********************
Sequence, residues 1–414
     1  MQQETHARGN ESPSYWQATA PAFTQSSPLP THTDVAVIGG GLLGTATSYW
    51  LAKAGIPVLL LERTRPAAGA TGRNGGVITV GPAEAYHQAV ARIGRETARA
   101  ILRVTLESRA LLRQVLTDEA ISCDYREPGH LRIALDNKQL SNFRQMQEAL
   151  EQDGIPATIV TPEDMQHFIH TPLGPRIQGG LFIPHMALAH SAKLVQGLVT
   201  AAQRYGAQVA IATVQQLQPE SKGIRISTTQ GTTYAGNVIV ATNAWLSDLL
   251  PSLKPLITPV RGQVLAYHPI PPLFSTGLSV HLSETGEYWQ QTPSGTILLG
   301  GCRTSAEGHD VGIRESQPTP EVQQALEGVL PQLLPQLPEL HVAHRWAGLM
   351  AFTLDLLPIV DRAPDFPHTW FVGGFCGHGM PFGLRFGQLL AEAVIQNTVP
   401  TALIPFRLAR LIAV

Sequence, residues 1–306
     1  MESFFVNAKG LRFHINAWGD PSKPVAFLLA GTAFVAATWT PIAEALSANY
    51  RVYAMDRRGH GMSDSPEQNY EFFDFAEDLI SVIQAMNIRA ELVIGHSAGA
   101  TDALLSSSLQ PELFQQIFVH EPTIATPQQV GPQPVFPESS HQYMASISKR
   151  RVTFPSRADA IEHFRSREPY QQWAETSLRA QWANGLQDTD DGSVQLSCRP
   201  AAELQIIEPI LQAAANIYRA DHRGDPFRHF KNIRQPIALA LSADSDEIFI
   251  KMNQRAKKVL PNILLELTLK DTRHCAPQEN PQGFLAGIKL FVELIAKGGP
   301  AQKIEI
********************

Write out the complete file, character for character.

Sequence, residues 1–414
     1  MQQETHARGN ESPSYWQATA PAFTQSSPLP THTDVAVIGG GLLGTATSYW
    51  LAKAGIPVLL LERTRPAAGA TGRNGGVITV GPAEAYHQAV ARIGRETARA
   101  ILRVTLESRA LLRQVLTDEA ISCDYREPGH LRIALDNKQL SNFRQMQEAL
   151  EQDGIPATIV TPEDMQHFIH TPLGPRIQGG LFIPHMALAH SAKLVQGLVT
   201  AAQRYGAQVA IATVQQLQPE SKGIRISTTQ GTTYAGNVIV ATNAWLSDLL
   251  PSLKPLITPV RGQVLAYHPI PPLFSTGLSV HLSETGEYWQ QTPSGTILLG
   301  GCRTSAEGHD VGIRESQPTP EVQQALEGVL PQLLPQLPEL HVAHRWAGLM
   351  AFTLDLLPIV DRAPDFPHTW FVGGFCGHGM PFGLRFGQLL AEAVIQNTVP
   401  TALIPFRLAR LIAV

Sequence, residues 1–306
     1  MESFFVNAKG LRFHINAWGD PSKPVAFLLA GTAFVAATWT PIAEALSANY
    51  RVYAMDRRGH GMSDSPEQNY EFFDFAEDLI SVIQAMNIRA ELVIGHSAGA
   101  TDALLSSSLQ PELFQQIFVH EPTIATPQQV GPQPVFPESS HQYMASISKR
   151  RVTFPSRADA IEHFRSREPY QQWAETSLRA QWANGLQDTD DGSVQLSCRP
   201  AAELQIIEPI LQAAANIYRA DHRGDPFRHF KNIRQPIALA LSADSDEIFI
   251  KMNQRAKKVL PNILLELTLK DTRHCAPQEN PQGFLAGIKL FVELIAKGGP
   301  AQKIEI